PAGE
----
Having asserted the necessity of making accurate reports of financial figures regarding a corporation’s annual budgets or debts, it must be asserted that one major and specialized accounting practice is forensic accounting. Several public accountants specialize in this, as it is of growing importance in today’s world where corporate scandals appear to occur frequently.

Forensic accounting includes investigation and interpretation of white-collar crimes. This type of crime includes bankruptcies, securities fraud and embezzlement, and contract disputes. In addition to this, criminal financial transactions, such as money laundering, are also included in white-color crime. It can be asserted that auditors who specialize in forensic accountancy play an important role in preventing corporate scandals such as the one that took place with Parmalat. However, it should be remembered that auditors who do not specialize in forensic accountancy are no novices. This means that if there are any unusual entries and irregularities in records, any auditor should be to detect them, and this is why all auditors are said to have responsibility to report any irregularities[15].

Though auditors generally are able to detect any irregularities, those that specialize in forensic accounting make use of accounting and finance knowledge, law and investigative techniques. They use this combination in order to detect illegal activity in a corporation, and it is obviously a greater advantage to them as they are more specialized.

It is known that there are several forensic accountants that work in tandem with personnel from law enforcement departments during investigations. However, this occurs normally after a corporate scandal has been detected. Considering this, it might be a good idea for forensic accountants to work in this manner as part of regular and standard procedure in order to safeguard everyone involved with a corporation. If such a practice were adopted as standard procedure, it would become more difficult for financial scandals to take place. This is considerate of acknowledging that corporations usually appoint their own auditors. Auditing firms might be required to adhere to practices that would make regular procedures more thorough and transparent as a result[16].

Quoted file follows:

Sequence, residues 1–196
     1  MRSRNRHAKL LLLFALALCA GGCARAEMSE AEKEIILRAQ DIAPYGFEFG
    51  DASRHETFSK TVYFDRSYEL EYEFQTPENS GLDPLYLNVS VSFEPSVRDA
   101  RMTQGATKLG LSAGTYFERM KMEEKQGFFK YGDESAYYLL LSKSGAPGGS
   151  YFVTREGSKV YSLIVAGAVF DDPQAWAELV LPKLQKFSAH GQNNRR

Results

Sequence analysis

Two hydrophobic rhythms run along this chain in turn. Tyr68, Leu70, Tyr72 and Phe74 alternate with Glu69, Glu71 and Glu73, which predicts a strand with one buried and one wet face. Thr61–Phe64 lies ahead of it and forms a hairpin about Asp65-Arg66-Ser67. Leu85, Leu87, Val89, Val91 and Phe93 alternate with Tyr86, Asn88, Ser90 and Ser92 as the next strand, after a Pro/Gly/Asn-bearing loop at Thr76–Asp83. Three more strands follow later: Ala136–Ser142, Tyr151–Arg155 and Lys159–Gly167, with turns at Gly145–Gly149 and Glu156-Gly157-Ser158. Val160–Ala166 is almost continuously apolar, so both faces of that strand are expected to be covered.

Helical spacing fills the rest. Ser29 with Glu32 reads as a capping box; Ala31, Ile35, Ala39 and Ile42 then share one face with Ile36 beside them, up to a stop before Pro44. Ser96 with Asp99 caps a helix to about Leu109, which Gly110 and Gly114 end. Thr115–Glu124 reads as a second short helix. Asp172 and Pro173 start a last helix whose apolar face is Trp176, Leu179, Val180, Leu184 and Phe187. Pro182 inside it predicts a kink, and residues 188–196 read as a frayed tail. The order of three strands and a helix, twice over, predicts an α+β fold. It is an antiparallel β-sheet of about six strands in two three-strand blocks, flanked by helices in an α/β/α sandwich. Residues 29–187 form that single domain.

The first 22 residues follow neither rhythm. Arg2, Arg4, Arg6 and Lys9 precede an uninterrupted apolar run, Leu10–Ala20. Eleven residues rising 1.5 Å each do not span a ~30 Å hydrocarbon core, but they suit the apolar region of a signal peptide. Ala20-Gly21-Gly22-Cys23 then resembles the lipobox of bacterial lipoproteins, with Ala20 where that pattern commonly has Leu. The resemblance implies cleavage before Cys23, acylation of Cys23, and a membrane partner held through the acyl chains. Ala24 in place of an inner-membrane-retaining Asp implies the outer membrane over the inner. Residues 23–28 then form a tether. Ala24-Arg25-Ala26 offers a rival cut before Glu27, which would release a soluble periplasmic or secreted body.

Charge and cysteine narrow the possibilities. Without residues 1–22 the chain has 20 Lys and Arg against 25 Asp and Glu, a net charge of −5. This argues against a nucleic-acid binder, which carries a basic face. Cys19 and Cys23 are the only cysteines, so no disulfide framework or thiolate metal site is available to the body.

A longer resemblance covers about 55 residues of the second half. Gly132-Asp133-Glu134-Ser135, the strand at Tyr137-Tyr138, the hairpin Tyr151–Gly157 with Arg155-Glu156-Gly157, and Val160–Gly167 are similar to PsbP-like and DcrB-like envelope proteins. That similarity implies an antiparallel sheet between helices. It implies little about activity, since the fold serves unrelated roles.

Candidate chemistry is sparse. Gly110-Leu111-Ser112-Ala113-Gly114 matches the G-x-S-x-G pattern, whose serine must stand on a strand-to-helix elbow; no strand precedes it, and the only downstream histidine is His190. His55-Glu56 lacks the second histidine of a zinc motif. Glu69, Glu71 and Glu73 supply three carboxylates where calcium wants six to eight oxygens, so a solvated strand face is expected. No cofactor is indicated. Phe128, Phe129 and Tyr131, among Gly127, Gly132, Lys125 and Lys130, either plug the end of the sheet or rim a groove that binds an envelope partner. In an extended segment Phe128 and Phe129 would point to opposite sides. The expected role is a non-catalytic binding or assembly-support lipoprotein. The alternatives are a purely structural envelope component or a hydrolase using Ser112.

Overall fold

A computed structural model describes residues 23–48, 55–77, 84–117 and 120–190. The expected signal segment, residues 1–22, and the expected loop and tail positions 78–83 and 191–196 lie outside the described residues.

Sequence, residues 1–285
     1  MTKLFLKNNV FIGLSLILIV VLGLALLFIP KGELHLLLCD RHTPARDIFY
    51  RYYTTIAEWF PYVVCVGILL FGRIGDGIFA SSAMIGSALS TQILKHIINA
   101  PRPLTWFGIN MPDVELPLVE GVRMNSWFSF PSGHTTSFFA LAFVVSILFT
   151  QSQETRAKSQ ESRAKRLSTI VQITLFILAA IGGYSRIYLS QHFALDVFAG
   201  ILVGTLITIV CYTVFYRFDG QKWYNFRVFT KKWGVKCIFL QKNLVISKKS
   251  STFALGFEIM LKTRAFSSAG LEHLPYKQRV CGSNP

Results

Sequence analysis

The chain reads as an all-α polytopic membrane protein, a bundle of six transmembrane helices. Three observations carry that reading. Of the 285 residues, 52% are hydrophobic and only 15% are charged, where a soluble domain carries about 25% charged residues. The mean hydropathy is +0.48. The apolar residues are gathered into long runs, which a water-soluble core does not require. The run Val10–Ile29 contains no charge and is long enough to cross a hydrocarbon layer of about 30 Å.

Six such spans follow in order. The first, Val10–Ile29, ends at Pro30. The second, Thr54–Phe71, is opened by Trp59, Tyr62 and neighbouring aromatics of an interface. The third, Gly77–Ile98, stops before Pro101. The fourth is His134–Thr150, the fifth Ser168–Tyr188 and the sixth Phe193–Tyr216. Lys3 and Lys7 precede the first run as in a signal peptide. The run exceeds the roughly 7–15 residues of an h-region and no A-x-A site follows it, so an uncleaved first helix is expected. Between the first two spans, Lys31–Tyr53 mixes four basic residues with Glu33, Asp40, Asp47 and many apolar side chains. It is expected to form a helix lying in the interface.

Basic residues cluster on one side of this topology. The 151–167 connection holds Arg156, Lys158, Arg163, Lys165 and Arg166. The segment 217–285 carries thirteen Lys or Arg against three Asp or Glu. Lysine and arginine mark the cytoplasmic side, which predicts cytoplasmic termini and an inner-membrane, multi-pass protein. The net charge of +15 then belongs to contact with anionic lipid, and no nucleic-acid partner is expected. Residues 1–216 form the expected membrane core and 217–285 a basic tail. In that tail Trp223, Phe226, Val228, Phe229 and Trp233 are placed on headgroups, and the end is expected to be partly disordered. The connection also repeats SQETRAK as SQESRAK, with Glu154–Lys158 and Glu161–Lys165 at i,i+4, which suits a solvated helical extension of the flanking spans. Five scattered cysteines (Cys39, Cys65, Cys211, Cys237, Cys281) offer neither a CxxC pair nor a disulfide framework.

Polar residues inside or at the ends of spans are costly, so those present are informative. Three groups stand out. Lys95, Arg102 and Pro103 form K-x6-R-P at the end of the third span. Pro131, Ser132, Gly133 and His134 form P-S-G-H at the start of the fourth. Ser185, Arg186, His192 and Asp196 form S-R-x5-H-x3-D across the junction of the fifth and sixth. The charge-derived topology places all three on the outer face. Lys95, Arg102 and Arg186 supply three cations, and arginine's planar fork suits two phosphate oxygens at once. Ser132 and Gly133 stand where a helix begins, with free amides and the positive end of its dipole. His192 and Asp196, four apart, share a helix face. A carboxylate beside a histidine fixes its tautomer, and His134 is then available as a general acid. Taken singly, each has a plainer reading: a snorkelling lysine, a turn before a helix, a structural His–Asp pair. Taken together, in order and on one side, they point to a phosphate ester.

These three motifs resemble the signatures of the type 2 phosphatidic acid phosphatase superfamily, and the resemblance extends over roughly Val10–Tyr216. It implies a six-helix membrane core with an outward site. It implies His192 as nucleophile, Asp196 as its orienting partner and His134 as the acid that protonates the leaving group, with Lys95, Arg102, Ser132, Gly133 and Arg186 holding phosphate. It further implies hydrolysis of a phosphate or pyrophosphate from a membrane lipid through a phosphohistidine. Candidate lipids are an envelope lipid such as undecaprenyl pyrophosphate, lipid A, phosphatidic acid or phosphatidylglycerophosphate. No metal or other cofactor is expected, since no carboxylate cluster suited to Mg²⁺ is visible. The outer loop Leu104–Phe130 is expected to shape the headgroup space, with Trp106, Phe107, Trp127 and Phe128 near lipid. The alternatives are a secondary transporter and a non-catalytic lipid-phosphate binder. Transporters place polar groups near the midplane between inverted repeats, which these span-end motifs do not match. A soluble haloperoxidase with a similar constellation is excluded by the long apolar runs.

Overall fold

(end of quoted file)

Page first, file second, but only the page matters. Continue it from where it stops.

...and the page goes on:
Aside from considerations for current practices of audit firms and ones that could be included in order to prevent financial scandals, the general concept of internal and external auditors reviewing and analyzing financial statements of firms aims at doing the same thing.

Fundamental Responsibilities of Auditors:

It is the primary responsibility of internal auditors to make sure records are accurately maintained. These records are also checked for any form of irregularity, which may include things like mismanagement or even fraud.

Internal auditors are not only supposed to maintain records of financial figures, but their roles also encompass examining the firm’s operations with regard to finance and information systems, management, and internal controls. Examining these operations are important as they help to make sure that financial records are accurately maintained. In addition to this, these steps also examine the adequacy of controls to protect the firm against financial scandals (Gunz and McCutcheon, 1996, 7-15).

Further, it can be asserted that internal auditors have the responsibility of evaluating important areas of the corporation such as effectiveness, compliance with all standards and corporate policies and procedures, efficiency, laws, and government regulations.

Since there are so many types of operations to take care of in a corporation, there are areas of specialization for internal auditors as well. Some of these may include environmental, engineering, electronic data-processing, legal, insurance premium, banking, and healthcare auditors.

The reason for specialization in these areas is because there are technical procedures that need to be understood in order to evaluate things like efficiency and effectiveness. Having deeper understanding of individual industries helps internal auditors to evaluate a corporation’s operations more specifically (Bavly, 1999, 25-30).

Among the important steps that internal auditors may take towards better controls within a corporation, recommendation of better controls is high on the list of priorities for better auditing processes. An example of recommendations that internal auditors may make in a firm, internal auditors may help managers through computer systems. This is because computers aid in timelier information. Therefore, internal auditors may aid managers to take decisions using data as opposed to using observational methods. Internal auditors may also suggest controls for a firm’s computer system if they believe these recommendations would enhance reliability with producing data for more accurate decision-making (Young, 1997).